Academy offers chance to turn on young minds at risk of tuning out
The Detroit News, September 2, 2004 – No detective could solve Detroit’s mystery of the disappearing student.
In 2002, the Detroit Public Schools reported a dropout rate of more than 10 percent of its students — more than three times the state average. And with little more than 50 percent of students graduating from Detroit high schools after four years, the actual percentage of dropouts may be far higher.
Most of those who won’t be counted during commencement are not heading to Haverford College on an early admittance program, or apprenticing to become carpenters, or taking over a family business.
They are unlikely to find good jobs, or even mediocre ones.
Even those who graduate face grim odds. Ultimately, 10 years after graduation, fewer than 5 percent of the original high school class are likely to hold college diplomas.
It amounts to a brain drain of astonishing proportions. And nowhere has the problem proved more intractable than here.
But at a few schools throughout the area, new models are being tried that offer tantalizing prospects.
I first visited Detroit’s University Preparatory Academy three years ago, when Doug Ross — a former Gov. James Blanchard official — opened a middle school near the medical center. The charter school is an urban oasis that looks more like a private college than a city school.
But on a visit Tuesday, the second day of school, the students seemed more striking than the new construction. What you don’t see in the halls, or on the lawn, at University Prep is any evidence of that sullen, contemptuous teenage glare — the attitude that goes with high school just as surely as cheerleaders and football players.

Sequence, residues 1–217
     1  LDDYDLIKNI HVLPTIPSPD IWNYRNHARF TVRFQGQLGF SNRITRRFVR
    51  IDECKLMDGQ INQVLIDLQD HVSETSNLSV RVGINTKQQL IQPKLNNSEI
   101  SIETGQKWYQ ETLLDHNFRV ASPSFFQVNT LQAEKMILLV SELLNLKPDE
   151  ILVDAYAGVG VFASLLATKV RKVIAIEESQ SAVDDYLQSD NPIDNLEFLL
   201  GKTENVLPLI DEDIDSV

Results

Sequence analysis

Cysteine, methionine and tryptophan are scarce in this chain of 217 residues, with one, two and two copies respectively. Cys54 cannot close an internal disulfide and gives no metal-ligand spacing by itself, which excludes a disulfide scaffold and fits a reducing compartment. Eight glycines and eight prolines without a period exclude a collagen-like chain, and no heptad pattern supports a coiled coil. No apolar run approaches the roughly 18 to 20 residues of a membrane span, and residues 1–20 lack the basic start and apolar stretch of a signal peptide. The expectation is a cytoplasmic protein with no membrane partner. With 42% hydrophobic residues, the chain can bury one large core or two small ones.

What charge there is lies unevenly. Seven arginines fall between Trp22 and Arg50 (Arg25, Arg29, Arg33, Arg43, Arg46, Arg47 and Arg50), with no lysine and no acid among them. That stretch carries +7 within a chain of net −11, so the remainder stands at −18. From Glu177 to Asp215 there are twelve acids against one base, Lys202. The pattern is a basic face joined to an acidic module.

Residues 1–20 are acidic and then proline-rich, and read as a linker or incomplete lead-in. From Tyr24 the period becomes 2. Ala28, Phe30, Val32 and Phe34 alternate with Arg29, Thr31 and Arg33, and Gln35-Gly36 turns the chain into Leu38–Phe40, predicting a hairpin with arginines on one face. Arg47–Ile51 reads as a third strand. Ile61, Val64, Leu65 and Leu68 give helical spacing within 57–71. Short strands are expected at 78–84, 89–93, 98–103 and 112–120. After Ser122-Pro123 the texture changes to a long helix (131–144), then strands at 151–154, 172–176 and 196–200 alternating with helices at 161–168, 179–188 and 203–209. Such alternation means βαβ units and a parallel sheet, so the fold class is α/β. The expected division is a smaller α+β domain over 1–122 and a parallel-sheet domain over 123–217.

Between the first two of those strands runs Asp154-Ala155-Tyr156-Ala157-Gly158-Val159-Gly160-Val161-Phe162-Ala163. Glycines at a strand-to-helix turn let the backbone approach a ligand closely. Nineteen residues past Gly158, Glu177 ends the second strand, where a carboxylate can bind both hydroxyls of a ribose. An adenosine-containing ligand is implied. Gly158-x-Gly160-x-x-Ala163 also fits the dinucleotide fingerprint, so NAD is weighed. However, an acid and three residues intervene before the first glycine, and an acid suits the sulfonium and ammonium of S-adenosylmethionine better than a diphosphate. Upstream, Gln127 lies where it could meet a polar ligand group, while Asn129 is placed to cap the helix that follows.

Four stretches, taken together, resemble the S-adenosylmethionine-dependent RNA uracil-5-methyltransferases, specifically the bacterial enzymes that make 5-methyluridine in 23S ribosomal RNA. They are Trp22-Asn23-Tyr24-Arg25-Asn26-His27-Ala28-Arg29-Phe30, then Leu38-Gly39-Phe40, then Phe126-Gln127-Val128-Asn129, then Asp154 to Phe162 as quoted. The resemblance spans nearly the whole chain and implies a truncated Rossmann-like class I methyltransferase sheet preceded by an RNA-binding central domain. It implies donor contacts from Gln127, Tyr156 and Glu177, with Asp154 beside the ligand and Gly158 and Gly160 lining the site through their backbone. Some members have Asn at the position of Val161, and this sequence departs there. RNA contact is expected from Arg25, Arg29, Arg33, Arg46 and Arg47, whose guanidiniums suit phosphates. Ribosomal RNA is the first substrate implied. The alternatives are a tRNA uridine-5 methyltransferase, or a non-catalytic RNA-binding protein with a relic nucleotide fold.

University Prep is funded largely by philanthropist Bob Thompson. It’s an outright attempt to change the model, to create learning in ways that have worked elsewhere but aren’t standard in large, urban high schools.
One principle is over-riding: That powerful relationships with adults are often the crucial element in motivation kids who might otherwise drop out.
“Reform implies that the basic system is OK. But it isn’t,” insists Ross. “That system — of the big, factory high school — lacks any structure to motivate kids who aren’t already motivated.”
At University Prep, students are assigned the same teacher for all four years — an enduring, quasi-familial relationship. And students work outside the classroom at internships in real-life occupations — gaining a sense of possibilities and real-world standards they would not otherwise have a chance to see.
And in the high school’s first year, teachers saw how real-life experiences changed kids’ lives.
In the class of 10th-graders I visited, one was writing a grant proposal for a nonprofit organization she’s working with. Another worked in an OB-Gyn hospital ward and observed two deliveries and a circumcision. She’s now intent on a medical career.
Their test scores rose — and in some cases, leaped by three or four grade levels in a single year.
Whether the school successfully graduates its 128 students and sends 90 percent of them to college remains to be seen. But the disappearing student problem is being licked here: Only one student from last year’s class has dropped out.